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Re: [BKARTS] relevance of the book in the internet age + word rap



Dave wrote:
>> 1. some of us don't bother to wrap our words because our e-mail programs do it for us. I was taught by a Unix guru not to do so since every e-mail reader treats hard returns differently


That's correct, Dave. I didn't mean that people should use word wrap in their e-mail client. In many programs that will fix the line length, and if you resize the screen smaller than the line length it becomes chopped up. Word wrap should be off. If you look at this e-mail in the archive and resize the window you will see the text rewraps to fit the window.

The problem with many of the e-mails in the archive is that they are set NOT to wrap to fit the window, so they stay as a string of one line per paragraph, no matter how long the paragraph. Your e-mail is set correctly.:
http://palimpsest.stanford.edu/byform/mailing-lists/bookarts/2008/04/msg00269.html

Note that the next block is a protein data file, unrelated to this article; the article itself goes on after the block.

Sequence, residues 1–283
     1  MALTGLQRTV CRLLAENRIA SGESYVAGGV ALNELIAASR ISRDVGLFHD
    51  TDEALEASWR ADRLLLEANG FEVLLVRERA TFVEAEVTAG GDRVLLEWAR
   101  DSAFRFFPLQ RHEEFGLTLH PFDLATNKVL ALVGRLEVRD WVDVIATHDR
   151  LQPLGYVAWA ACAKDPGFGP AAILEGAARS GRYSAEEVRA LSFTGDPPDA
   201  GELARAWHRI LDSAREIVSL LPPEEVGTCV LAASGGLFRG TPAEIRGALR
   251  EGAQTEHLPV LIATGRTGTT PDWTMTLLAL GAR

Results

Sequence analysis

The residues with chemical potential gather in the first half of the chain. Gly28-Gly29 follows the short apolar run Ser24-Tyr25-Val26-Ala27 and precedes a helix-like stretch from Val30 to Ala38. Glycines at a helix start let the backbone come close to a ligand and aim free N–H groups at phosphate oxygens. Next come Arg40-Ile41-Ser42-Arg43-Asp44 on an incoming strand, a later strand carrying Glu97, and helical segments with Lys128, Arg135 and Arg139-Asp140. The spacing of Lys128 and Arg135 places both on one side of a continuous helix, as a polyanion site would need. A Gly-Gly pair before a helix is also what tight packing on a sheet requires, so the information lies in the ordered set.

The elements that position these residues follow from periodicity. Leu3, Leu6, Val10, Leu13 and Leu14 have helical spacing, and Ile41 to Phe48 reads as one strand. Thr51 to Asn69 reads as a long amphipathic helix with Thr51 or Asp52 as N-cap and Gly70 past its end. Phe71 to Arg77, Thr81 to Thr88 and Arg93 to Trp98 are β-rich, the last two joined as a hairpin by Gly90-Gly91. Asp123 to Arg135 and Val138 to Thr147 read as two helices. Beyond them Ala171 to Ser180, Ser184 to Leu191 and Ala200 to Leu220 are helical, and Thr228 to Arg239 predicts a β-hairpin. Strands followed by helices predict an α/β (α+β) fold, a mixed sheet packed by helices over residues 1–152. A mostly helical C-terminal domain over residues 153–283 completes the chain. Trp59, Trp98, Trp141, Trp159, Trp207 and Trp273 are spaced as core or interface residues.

Here's an example of one ("Spike") that is not:
http://palimpsest.stanford.edu/byform/mailing-lists/bookarts/2008/04/msg00268.html
You have to scroll sideways to read the message.

The problem is that the control for this is not uniform from one e-mail client to the next, and different ones default differently, so those whose text is not behaving properly when viewed in a browser may need to play around a bit with their settings and check the results online.


>>2.Contrary to what most people think a digital book does change and almost every time it is read. Even a pdf of the book can be resized and it will look different depending upon whether one is using a wide screen monitor or a regular format one, a hand held device or projection device. Some people only "read" digital books by hearing them, a totally different format.


That is correct, but not what I was talking about. The digital file does not change. It may be read on a variety of machines and formatted to the taste of the reader, whether in a resized window in a favorite font or using text to speech and choosing a vocal pitch and speed. That is the wonderful feature of digital text. You also can output it and make a book that WILL change physically over time in response to handling, while the digital file remains the same. The digital file does not absorb the vibes of the reader and pass them on to the next reader. For every reader the file is fresh and new, ready to be formatted to the reader's preferences.

Richard
http://minsky.com
http://slartmagazine.com
http://centerforbookarts.org

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